Hon. Warren Allmand (Notre-Dame-de-Grâce, Lib.)
Mr. Speaker, on November 28 I asked the Minister of Human Resources Development a question. I asked if in his discussions with the provinces regarding the transfer of labour market training from the federal to the provincial governments, he had taken steps to ensure that the principles of the Official Languages Act will continue to apply. In other words, will francophones outside Quebec continue to get training in French and anglophones in Quebec to get their training in English. There has been great concern over this matter because there were too many cases in the past when provincial governments denied services to their language minorities.
Recently, the Quebec government had bilingual signs removed from the Sherbrooke hospital and in the Ontario legislature, a government member insulted an opposition member for speaking French.
For matters coming under the federal government, services are now given in English and French throughout the country where there is significant demand. These rights should not be lost when training programs are transferred to provincial governments.
When airports were transferred to local authorities and when Air Canada was privatized, there were provisions in the legislation to protect these language rights.
I asked my question on November 28 and the government concluded the first formal transfer agreement with Alberta on December 10. In this agreement the following is stated: "In areas of significant demand, Alberta will provide access to the benefits and measures and national employment assistance service functions in both official languages".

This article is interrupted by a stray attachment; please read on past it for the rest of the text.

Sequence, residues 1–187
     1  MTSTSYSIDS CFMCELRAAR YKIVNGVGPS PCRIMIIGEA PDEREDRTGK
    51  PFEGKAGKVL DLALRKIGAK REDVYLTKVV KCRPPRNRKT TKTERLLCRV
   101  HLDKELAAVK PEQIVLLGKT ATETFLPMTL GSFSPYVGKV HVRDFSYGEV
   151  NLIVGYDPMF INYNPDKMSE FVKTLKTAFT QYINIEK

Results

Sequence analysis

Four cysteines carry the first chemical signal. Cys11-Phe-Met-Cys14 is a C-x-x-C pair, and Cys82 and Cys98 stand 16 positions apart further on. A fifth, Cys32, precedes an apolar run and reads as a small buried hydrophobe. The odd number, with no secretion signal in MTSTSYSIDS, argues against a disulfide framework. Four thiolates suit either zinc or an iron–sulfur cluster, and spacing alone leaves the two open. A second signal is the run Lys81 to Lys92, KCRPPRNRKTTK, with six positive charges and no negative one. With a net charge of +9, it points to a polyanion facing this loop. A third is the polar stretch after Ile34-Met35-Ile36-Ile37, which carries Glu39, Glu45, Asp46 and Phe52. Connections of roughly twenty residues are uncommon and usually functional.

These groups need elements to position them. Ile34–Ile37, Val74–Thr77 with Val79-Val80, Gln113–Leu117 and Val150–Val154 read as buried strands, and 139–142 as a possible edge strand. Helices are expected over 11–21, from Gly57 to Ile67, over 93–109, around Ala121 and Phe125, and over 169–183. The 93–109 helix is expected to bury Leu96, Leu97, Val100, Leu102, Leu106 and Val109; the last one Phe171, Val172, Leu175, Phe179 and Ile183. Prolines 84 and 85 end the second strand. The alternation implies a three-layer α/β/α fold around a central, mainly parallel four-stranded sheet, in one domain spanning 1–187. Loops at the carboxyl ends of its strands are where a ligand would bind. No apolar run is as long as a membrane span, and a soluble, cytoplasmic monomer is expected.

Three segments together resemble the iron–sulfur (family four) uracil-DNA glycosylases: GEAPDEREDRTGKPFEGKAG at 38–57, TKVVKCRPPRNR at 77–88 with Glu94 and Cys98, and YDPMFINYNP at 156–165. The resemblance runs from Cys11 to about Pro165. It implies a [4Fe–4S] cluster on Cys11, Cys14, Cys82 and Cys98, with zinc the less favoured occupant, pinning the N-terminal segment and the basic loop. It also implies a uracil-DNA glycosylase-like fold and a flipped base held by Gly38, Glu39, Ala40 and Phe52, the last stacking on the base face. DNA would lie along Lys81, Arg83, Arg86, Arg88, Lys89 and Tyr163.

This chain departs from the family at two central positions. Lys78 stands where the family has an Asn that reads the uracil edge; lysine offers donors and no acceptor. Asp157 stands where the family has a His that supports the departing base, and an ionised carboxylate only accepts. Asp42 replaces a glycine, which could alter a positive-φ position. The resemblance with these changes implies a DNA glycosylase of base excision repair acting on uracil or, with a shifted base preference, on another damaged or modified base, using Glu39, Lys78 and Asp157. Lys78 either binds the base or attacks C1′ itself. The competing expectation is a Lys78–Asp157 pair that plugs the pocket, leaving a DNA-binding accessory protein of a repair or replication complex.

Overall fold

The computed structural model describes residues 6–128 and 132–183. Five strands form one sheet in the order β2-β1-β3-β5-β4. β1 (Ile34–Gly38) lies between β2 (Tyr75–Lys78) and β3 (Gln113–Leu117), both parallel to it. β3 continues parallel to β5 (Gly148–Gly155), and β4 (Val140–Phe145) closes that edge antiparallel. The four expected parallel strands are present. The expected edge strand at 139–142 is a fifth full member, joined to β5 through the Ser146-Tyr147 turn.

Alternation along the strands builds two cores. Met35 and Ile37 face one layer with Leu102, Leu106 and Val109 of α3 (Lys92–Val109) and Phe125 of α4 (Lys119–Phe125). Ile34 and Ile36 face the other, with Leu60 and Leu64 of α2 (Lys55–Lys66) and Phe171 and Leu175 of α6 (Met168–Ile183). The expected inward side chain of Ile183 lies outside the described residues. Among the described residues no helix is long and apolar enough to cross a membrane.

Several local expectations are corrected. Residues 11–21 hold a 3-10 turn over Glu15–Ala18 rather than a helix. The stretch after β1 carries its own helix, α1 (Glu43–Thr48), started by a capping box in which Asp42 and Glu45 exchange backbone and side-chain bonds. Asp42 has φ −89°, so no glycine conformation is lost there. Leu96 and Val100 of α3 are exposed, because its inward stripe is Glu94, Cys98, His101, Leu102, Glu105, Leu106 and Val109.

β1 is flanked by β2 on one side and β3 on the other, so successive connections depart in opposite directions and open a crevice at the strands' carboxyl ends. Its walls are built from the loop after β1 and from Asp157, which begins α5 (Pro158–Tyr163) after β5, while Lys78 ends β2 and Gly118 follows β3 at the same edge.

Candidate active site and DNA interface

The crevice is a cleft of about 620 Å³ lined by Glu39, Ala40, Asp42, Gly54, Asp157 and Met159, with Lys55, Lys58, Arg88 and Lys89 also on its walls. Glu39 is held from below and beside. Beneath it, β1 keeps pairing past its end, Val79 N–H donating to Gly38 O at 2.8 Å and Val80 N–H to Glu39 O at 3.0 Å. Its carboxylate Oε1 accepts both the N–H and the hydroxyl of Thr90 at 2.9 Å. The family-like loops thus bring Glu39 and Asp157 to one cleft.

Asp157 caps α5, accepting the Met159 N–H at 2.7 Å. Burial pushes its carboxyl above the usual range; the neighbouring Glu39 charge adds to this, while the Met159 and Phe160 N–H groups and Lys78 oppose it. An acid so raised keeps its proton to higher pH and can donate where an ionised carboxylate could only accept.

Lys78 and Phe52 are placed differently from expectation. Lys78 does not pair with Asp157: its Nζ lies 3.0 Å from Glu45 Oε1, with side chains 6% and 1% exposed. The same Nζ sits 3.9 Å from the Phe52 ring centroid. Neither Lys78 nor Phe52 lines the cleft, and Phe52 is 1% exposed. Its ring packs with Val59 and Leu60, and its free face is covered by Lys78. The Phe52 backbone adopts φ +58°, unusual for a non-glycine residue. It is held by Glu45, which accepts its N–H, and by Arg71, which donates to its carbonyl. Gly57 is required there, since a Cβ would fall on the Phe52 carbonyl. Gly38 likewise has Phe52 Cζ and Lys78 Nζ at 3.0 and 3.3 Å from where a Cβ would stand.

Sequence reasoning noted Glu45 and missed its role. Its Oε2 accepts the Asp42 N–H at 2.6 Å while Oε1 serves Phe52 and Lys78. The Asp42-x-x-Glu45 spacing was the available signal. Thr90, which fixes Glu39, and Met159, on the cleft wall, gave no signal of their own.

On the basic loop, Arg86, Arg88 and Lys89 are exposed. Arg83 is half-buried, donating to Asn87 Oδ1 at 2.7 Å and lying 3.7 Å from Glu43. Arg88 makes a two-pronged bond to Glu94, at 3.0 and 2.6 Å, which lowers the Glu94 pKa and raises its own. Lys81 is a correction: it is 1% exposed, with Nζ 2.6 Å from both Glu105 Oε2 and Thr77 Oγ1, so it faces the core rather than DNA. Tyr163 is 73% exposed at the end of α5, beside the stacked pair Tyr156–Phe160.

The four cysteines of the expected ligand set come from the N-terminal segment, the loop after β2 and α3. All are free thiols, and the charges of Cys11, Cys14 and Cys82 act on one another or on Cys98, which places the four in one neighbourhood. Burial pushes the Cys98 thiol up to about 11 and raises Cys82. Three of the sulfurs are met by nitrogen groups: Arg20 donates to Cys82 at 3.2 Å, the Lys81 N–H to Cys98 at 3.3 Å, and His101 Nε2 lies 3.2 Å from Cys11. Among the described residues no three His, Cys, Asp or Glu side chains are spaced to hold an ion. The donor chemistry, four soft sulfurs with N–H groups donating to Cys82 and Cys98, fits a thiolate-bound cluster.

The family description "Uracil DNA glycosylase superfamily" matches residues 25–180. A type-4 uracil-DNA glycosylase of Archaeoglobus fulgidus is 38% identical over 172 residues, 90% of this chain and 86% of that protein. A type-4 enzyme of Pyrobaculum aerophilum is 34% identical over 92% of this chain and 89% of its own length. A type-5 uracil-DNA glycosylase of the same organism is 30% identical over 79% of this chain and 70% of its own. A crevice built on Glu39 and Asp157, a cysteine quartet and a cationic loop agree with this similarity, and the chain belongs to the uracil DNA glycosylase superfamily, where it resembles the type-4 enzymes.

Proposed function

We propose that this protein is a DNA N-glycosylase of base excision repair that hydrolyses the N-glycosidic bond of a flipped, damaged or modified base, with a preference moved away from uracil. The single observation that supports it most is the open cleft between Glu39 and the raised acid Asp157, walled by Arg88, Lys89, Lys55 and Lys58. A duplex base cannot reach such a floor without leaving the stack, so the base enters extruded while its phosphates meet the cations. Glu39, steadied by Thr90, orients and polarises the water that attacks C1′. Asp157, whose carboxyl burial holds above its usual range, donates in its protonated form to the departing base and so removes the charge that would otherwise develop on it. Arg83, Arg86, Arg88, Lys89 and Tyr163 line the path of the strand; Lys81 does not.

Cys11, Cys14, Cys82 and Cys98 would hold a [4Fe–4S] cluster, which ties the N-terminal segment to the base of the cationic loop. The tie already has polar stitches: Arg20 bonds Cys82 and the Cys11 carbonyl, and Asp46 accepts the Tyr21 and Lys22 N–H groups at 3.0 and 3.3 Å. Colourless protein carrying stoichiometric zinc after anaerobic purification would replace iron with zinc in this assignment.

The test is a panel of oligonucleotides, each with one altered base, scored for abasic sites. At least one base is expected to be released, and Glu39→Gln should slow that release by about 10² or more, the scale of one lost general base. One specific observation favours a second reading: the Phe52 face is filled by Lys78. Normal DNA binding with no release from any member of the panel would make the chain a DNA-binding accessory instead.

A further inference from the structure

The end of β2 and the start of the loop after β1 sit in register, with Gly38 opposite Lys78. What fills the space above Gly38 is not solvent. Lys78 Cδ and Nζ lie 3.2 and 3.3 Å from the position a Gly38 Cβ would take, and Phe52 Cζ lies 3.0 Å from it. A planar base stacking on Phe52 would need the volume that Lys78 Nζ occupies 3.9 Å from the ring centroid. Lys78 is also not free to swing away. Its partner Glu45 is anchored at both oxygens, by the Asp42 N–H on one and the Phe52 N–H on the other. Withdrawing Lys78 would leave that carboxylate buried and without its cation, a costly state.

These words are similar to section 22 of the Official Languages Act which reads in part as follows: "Every federal institution has the duty to ensure that any member of the public can communicate with and obtain available services in either official language in Canada or elsewhere where there is significant demand for communications with and services from that office in that language".
It is essential that the term "significant demand" is defined and interpreted in the same way as it is for the Official Languages Act.
In his answer on November 28 the minister said that the new Employment Insurance Act provided for service in either official language where there was significant demand. I looked through the
act very thoroughly and I was not able to find that article. I would ask the parliamentary secretary to identify the article in question.
I also want assurance from the government this evening that all the other agreements, including the one from my province of Quebec, have provisions similar to that of Alberta or even better, that they contain provisions to guarantee training in both official languages.
Subtopic: National Organ Donor Day Act